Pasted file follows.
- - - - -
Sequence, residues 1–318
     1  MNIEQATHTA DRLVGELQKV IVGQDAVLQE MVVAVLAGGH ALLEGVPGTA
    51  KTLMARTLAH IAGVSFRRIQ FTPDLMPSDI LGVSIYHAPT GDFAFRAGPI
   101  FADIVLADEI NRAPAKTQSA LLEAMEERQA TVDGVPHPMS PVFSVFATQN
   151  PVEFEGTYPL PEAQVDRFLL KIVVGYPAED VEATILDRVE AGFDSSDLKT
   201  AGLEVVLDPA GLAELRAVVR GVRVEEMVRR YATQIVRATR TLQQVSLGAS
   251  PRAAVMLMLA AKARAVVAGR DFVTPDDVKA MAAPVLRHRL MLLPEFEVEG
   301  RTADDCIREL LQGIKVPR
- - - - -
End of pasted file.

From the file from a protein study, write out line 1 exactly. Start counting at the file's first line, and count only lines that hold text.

Sequence, residues 1–318